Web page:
MLB Betting Trends: Mookie Betts Injury, Trade Deadline Deals, Reds, More

MLB Betting Trends: Mookie Betts Injury, Trade Deadline Deals, Reds, More article feature image
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(Photo by Katelyn Mulcahy/Getty Images) Pictured: Mookie Betts

Every two weeks during the MLB season, Action Network’s Tanner McGrath will compile a notebook of observations, analytical findings and actionable information to help bettors find an edge in the daily grind of betting a 162-game season.

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Oh No, Mookie

The biggest news of the week — for bettors, fans and pundits alike — is the injury to Mookie Betts.

After getting smoked by a fastball to the wrist on Sunday, the Dodgers superstar has a fractured left hand and no timetable for a return (luckily, surgery is not needed).

How much do we downgrade the Dodgers lineup without Betts? 10%? 20%? More?

For a lineup that also features Shohei Ohtani and Freddie Freeman, it might be more than you think.

For starters, Betts leads the team in fWAR (3.5) and is slashing .304/.405/.488 with a 159 wRC+. Only Ohtani (53) has accounted for more runs (50), as Betts is always valuable on the basepaths.

Here’s the OPS by batting order spot for the Dodgers this year:

  • 1st (.886)
  • 2nd (.957)
  • 3rd (.864)
  • 4th (.858)
  • 5th (.874)
  • 6th (.650)
  • 7th (.575)
  • 8th (.633)
  • 9th (.581)

Our own Sean Zerillo made a very adept Dodgers-related observation in Monday’s Opening Pitch:

Betts missed one game this season; Ohtani led off, followed by Freddie Freeman, Will Smith and Teoscar Hernandez. After those bats, Andy Pages, Gavin Lux, Enrique Hernandez, Miguel Vargas and Miguel Rojas were the final five hitters in the Dodgers order. Rojas (career .668 OPS) is a better defender than Betts — but a significant downgrade offensively. Additionally, consider that Cavan Biggio (career .723 OPS; .601 in 2024) is currently playing for an injured Max Muncy (.798 OPS in 40 games) and you realize how genuinely shallow this Dodgers lineup is — beyond the top four or three spots (when Will Smith sits) — for the foreseeable future.

The Dodgers have a top-heavy lineup and are now missing a third of their big three. The Dodgers spend plenty of money, but even the richest owners can't afford solid bottom-of-the-order talent with so many resources locked in at the top.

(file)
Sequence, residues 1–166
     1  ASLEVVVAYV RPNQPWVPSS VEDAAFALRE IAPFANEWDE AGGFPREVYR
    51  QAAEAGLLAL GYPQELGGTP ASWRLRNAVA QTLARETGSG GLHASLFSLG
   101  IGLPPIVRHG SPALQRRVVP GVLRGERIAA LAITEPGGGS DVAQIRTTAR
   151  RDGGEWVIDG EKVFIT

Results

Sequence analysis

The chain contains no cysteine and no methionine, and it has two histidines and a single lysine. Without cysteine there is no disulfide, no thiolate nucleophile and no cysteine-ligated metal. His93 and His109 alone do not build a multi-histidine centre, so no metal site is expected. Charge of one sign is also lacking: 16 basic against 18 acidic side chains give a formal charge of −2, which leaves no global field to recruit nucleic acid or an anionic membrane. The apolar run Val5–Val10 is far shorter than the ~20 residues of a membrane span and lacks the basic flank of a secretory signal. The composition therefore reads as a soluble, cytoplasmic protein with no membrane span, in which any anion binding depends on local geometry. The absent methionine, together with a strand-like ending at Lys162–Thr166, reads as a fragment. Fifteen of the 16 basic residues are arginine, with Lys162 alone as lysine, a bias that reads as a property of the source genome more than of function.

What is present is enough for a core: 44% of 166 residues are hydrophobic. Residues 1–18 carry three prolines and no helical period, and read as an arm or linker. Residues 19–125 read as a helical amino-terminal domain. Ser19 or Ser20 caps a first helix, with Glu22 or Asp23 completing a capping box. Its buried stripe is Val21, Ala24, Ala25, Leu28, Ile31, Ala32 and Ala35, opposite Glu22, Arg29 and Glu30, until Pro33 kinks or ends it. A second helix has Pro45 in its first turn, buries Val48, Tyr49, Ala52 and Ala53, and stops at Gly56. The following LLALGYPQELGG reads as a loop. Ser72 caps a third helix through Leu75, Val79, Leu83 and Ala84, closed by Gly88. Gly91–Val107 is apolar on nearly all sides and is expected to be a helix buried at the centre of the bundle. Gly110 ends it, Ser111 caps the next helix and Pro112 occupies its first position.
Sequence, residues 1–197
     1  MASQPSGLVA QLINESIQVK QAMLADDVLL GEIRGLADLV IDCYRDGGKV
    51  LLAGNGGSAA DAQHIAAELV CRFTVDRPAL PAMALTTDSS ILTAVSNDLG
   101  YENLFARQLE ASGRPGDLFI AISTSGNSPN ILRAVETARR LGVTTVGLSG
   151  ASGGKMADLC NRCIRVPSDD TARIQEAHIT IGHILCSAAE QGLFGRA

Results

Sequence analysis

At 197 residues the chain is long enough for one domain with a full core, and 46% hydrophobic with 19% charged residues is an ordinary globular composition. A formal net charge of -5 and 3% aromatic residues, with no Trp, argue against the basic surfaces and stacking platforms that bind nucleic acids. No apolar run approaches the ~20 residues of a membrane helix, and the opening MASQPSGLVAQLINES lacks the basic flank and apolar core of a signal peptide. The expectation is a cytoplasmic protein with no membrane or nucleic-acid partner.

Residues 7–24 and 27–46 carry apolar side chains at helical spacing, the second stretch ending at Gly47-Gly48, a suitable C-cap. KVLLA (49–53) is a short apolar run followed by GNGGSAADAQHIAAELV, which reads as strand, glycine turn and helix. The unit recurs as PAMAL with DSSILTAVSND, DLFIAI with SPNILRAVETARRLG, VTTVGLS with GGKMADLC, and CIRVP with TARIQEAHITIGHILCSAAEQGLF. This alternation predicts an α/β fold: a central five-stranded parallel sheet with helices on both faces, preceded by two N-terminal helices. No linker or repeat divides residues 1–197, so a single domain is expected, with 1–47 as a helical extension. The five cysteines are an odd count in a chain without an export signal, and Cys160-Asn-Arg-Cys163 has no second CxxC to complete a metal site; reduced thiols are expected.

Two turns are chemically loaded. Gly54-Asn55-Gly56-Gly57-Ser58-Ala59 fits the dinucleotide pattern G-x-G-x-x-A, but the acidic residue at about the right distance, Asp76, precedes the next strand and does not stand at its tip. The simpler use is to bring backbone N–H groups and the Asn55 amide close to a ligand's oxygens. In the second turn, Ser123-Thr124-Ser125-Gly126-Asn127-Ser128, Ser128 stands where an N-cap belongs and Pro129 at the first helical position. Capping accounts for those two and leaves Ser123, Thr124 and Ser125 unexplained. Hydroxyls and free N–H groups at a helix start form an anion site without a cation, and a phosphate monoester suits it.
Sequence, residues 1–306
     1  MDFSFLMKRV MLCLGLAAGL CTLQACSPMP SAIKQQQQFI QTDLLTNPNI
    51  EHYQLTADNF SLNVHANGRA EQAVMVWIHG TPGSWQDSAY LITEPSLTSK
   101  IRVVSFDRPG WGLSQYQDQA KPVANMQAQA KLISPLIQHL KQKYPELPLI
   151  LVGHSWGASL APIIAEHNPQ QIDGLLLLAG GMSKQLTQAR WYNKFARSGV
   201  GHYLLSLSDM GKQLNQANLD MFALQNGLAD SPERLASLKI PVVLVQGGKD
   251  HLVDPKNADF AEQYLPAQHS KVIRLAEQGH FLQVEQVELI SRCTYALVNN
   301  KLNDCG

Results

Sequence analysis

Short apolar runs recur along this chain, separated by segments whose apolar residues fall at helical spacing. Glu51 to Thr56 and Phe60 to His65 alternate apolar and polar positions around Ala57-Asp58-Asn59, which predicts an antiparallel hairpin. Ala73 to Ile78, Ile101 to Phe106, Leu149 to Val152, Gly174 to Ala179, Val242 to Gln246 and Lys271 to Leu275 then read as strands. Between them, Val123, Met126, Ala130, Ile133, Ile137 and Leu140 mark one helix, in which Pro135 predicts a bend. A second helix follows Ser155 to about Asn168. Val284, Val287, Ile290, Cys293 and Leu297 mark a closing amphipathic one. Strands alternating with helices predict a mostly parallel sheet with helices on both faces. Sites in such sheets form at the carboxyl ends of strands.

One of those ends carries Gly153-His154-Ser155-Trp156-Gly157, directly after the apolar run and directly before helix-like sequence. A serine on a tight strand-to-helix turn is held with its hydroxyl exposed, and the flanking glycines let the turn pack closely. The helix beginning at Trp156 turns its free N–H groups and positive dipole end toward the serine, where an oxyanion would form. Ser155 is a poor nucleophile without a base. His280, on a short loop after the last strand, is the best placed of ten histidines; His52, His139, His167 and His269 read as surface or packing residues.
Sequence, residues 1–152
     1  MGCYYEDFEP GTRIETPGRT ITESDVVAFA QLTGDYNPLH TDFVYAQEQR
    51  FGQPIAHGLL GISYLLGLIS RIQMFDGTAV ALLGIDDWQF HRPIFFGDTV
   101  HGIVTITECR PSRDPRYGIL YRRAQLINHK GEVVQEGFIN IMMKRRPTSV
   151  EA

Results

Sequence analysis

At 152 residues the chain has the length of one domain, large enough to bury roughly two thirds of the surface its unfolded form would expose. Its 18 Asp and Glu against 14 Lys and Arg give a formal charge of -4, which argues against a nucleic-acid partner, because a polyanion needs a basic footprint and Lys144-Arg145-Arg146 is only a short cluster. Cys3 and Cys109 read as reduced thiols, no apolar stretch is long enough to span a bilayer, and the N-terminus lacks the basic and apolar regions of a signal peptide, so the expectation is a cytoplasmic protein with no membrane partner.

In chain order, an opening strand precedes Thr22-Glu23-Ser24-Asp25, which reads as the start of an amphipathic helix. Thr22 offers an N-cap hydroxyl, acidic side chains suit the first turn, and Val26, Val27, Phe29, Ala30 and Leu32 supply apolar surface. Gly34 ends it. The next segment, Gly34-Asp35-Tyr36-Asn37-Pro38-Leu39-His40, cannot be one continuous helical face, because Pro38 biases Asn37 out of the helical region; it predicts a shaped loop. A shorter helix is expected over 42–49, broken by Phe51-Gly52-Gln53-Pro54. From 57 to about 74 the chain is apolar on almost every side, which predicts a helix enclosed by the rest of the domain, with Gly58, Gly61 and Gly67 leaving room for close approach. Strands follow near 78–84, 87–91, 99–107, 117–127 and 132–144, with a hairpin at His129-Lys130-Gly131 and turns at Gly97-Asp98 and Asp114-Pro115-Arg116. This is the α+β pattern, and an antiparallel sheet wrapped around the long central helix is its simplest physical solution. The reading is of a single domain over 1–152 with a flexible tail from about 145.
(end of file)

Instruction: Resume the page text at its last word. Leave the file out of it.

After opposing pitchers deal with (or get shelled by) Ohtani, Freeman, Smith and Hernandez, are they really scared of Lux, (Enrique) Hernandez, Vargas, Rojas and Biggio? Those five have combined for 0.3 fWAR, and Rojas has been only moderately more valuable thanks to his defensive contributions.

I hope Betts isn’t out for long, but the Dodgers might be overvalued in the short term. I don’t think the market will accurately adjust for the injury given the other scary names in the lineup. The loss is very significant in context.

Additionally, Yoshinobu Yamamoto just hit the 15-day injured list, regression is finally hitting James Paxton (6.33 ERA over his past five starts) and Walker Buehler hasn’t settled in yet (seven starts, 33 innings, 4.64 ERA, 4.58 xERA, 3.90 xFIP, 13% K-BB, 99 Stuff+).

The Dodgers might not be just overvalued — they might be vulnerable.

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Deadline Days

Of course, the Dodgers could always find another bat at the deadline.

I’m curious about who could be available to the Dodgers, and who they would deal back.

Regarding the latter query, Los Angeles has more than a few arms available toward the top of its prospect ranks. RHPs Kyle Hurt, River Ryan and Nick Frasso are three Triple-A arms available, but none are top-100 prospects.

The only consensus top-50 prospect in the system is Dalton Rushing, a hard-hitting, slugging catcher who has moderately improved his plate discipline this season at Double-A Tulsa (12% walk rate, 20% strikeout rate). He’s trending up defensively and already looks like a draft-day steal.

Regarding the former question, the Blue Jays could move Bo Bichette if things keep going south. The shortstop is having the worst year of his career (80 wRC+), but has been exceedingly unlucky from a BABIP perspective (.270) given his excellent bat-to-ball skills (career .340) and uptick in contact rates (career-high 83% contact and 93% zone-contact). I expect him to hit above .300 the rest of the way.

Or, maybe, the Dodgers should trade for an outfielder (Luis Robert Jr., anyone?). They rank 16th among MLB teams in outfield fWAR this season (2.3) behind a mediocre .221/.296/.390 slash line.

In terms of other potential trade deadline news, Patrick Mooney and Will Sammon of The Athletic recently wrote a deadline story centering around the Yankees, Cubs and Marlins.